By Jason A. Heidemann
We began our journey in Naples, a tiny enclave that retirees and snowbirds flock to for its justly famous picturesque coastline and predictably mild winter climate. Downtown is lined with chic boutiques and lunching ladies who cling to their pocket-sized pooches Paris Hilton style. Give your dog and your dogs (and by that we mean feet) a break at 5th Avenue Coffee Company [599 5th Ave. South, Naples; (239) 261-5757], where friendly canines are welcomed both inside and out and even offered their own bowl of water to help take the edge off the Florida heat. Likewise, you can grab a quick burger and killer milkshake at Cheeburger Cheeburger [(239) 435-9796; Cheeburger.com], an affordable and dog-friendly pit stop on the main drag. But it’s the historic and dog-welcoming Naples Pier [NaplesPier.com] that beckons us with its luminous sunsets.
Nothing says an overnight in Florida better than the Paws and Palms program at the Hyatt Regency Coconut Point Resort and Spa [5001 Coconut Rd., Bonita Springs; (239) 444-1234; CoconutPoint.Hyatt.com]. Dogs weighing up to 50 pounds are welcomed with their own special doggie menu. In-room bed and a food and water dish are likewise provided, while humans can wag their own tails at the stunningly landscaped grounds and luxurious rooms. The hotel is located in Bonita Springs, a short drive north from Naples and home to Dog Beach Park [8600 Estero Blvd., (239) 533-7275; LeeParks.org], a spacious and stunning off-leash area where the sound of happily wagging tails nearly drowns out the roar of the ocean. Afterward, follow Bonita Beach Rd. back to Hwy. 41 and check out Dipidy Dawg [23111 Fashion Dr., Ste. 107; (239) 949-9885; DipidyDawg.com], a spectacular gourmet dog bakery and boutique located within one of Bonita’s ubiquitous and upscale strip malls.
City and sea blend together beautifully in the tranquil twin cities of Tampa Bay and St. Petersburg. We fell hard for the weekly Saturday Morning Market [SaturdayMorningMarket.com] in St. Pete, a funky mishmash of local vendors where you can shop for cheap chic jewelry, nosh on farm-fresh treats, and chill out to live music with pooch in tow. Check out Fred’s Finest Pet Treats [(727) 521-1979; email@example.com], an all-natural purveyor of feline and canine gourmet goodies. Next, hit the North Shore Dog Park [StPete.org/parks], an expansive and breathtaking 1-acre dog run at 7th Ave. and North Shore Dr. NE. Finally, splash around in the sea until the sun sets at the excellent Paw Playground [FortDeSoto.com/pawplayground], a pristine patch of sand and surf where canines can roam around in the ocean while enjoying their very own dog-level drinking fountains and showers.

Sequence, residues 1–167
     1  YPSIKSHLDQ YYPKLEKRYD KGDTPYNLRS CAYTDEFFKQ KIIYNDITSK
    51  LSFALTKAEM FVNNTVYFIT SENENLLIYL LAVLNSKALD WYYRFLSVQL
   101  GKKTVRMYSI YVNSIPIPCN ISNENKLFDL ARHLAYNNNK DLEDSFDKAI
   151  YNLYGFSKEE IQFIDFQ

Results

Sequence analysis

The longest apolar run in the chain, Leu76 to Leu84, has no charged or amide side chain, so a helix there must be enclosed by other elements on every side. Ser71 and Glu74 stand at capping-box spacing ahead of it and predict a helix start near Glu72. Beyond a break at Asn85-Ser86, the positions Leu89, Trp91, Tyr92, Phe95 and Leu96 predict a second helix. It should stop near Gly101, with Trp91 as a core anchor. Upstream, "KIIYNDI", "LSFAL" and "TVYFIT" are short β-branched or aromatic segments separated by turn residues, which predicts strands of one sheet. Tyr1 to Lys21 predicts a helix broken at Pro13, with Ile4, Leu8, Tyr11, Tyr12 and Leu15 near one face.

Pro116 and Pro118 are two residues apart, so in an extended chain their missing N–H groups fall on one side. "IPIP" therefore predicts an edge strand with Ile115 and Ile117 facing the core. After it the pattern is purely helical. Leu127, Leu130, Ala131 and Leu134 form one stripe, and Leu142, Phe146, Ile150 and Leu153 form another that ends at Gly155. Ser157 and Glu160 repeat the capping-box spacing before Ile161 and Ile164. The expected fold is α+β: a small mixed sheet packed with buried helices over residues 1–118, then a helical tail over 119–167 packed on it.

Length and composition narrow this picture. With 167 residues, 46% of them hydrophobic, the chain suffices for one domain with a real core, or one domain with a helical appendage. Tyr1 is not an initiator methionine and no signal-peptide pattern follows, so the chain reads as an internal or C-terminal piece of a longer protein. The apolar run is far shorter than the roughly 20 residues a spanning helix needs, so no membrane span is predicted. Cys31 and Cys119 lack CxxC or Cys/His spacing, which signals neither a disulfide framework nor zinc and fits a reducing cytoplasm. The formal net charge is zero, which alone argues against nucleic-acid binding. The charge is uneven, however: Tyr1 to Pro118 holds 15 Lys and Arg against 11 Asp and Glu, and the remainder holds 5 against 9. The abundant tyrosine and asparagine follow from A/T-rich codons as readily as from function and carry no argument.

Cosmopolitan Tampa appeals to the more metropolitan mutt. There’s never a shortage of trendy Floridians walking their dogs around Old Hyde Park Village, a bayside neighborhood full of striking Victorian homes, shops, and cafes. Visit Downtown Dogs [1631 W. Snow Circle, Tampa; (813) 250-3647; ShopDowntownDogs.com] for high-end collars and leads and holistic pet treats. Stroll into nearby Indigo Coffee [716 S. Village Circle, (813) 250-0345], a pooch-welcoming java joint that also offers tasty snacks. At day’s end, hit the hay at Quorum Hotel Tampa [700 N. Westshore Blvd.; (813) 289-8200; QuorumTampa.com], a Florida Green Lodge noted for its reasonable prices and proximity to Tampa’s top attractions. Pets are allowed with a $75 fee.